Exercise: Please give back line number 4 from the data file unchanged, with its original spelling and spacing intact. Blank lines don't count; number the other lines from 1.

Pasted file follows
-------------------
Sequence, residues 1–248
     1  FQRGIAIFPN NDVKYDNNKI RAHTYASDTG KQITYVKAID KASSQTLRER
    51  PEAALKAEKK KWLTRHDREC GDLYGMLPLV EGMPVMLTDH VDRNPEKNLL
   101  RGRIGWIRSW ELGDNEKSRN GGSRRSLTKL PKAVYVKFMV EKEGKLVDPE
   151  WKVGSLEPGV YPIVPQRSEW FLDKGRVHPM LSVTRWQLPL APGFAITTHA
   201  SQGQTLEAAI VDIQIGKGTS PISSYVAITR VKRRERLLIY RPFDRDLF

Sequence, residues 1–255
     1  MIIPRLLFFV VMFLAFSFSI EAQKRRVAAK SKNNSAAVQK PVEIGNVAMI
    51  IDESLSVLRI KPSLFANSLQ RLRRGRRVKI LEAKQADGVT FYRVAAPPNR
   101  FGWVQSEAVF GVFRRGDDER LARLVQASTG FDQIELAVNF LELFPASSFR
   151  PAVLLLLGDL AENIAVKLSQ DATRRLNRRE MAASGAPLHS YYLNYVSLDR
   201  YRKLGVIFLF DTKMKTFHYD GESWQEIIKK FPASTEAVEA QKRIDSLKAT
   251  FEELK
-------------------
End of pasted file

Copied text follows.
   101  RGRIGWIRSW ELGDNEKSRN GGSRRSLTKL PKAVYVKFMV EKEGKLVDPE